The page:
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Building the Japanese way

Updated Tuesday, 20th March 2007

Does a Japanese solution to land shortage have an averse effect on sea life?

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From Osaka, Japan.

Kansai Copyrighted  image Icon Copyright: Mike Dodd

Japan is a very interesting country, it has many similar environmental issues to Britain although the solutions are sometimes rather different. On a recent visit there I was staying with someone who was very concerned about building new land in the sea – what effect does it have on the coastal ecosystems and fisheries. 

I say building rather than ‘reclaiming’ as the Japanese way of doing things often involves demolishing whole mountains and piling the rocks on the seabed to construct new islands such as the one containing Kansai airport. They have built about 300 square km of new islands.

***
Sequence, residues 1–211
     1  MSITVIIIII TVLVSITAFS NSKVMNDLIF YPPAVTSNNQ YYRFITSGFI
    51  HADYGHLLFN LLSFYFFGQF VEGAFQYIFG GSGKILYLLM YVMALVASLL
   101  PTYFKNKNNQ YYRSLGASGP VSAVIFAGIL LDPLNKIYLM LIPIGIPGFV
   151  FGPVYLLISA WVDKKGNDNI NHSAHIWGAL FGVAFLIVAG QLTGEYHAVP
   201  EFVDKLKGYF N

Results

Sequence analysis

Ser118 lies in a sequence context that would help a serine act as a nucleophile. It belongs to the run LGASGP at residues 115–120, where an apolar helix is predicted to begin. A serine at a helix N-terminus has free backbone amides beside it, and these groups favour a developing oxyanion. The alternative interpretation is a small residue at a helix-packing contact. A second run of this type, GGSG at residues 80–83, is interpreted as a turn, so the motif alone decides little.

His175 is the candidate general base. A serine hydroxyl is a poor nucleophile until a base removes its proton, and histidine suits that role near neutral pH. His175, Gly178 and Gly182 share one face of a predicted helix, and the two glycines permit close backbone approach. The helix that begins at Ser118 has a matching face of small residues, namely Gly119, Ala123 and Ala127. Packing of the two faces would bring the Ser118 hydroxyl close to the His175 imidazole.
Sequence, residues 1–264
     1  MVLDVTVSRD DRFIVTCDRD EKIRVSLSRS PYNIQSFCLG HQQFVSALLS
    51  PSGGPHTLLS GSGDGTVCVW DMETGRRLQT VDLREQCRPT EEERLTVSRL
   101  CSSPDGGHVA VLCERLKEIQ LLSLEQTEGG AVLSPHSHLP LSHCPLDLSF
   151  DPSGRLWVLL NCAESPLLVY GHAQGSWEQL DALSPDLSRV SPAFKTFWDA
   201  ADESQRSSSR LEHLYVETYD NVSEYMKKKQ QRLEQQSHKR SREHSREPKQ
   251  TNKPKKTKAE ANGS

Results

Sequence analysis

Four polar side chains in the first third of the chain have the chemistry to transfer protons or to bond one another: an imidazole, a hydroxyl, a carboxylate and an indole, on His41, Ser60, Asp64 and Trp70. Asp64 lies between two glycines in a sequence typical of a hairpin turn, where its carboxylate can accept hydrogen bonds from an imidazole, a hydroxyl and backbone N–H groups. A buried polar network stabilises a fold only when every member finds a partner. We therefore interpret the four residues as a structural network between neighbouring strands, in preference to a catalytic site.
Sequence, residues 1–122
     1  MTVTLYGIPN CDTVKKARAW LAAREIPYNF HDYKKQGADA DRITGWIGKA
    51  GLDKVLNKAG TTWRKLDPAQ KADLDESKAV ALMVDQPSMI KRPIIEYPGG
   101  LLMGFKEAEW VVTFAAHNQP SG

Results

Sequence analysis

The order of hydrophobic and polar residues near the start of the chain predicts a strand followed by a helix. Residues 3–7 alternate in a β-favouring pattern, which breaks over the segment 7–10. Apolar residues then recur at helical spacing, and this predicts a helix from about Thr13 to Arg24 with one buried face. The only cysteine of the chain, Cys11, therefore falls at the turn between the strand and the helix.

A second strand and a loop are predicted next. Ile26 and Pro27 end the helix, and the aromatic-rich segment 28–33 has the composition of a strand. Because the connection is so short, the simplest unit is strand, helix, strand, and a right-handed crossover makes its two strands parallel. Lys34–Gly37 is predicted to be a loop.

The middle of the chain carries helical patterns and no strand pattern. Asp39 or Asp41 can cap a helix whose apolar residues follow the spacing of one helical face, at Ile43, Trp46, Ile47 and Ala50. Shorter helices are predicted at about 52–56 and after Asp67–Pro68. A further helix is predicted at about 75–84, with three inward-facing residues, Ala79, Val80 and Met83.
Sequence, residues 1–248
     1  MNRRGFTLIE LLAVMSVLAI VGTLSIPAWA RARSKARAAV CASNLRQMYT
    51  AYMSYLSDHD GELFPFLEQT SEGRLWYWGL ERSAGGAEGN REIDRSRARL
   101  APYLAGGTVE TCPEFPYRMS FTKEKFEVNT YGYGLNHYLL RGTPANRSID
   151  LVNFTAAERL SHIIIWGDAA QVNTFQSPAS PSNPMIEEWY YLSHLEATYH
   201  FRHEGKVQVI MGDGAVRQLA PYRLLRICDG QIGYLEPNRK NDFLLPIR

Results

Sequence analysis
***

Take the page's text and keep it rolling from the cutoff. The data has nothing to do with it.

This is quite different to the methods used for hundreds of years in Europe where areas were enclosed with sea walls then the water pumped out to leave dry land but usually below sea level and which has to be constantly maintained by pumping.

When Kansai airport island was constructed it sunk 8m, some settling was anticipated but not this much, the airport was one of the most expensive to construct not least as it also has to withstand earthquakes and typhoons. It is unclear whether its huge cost will be repaid.





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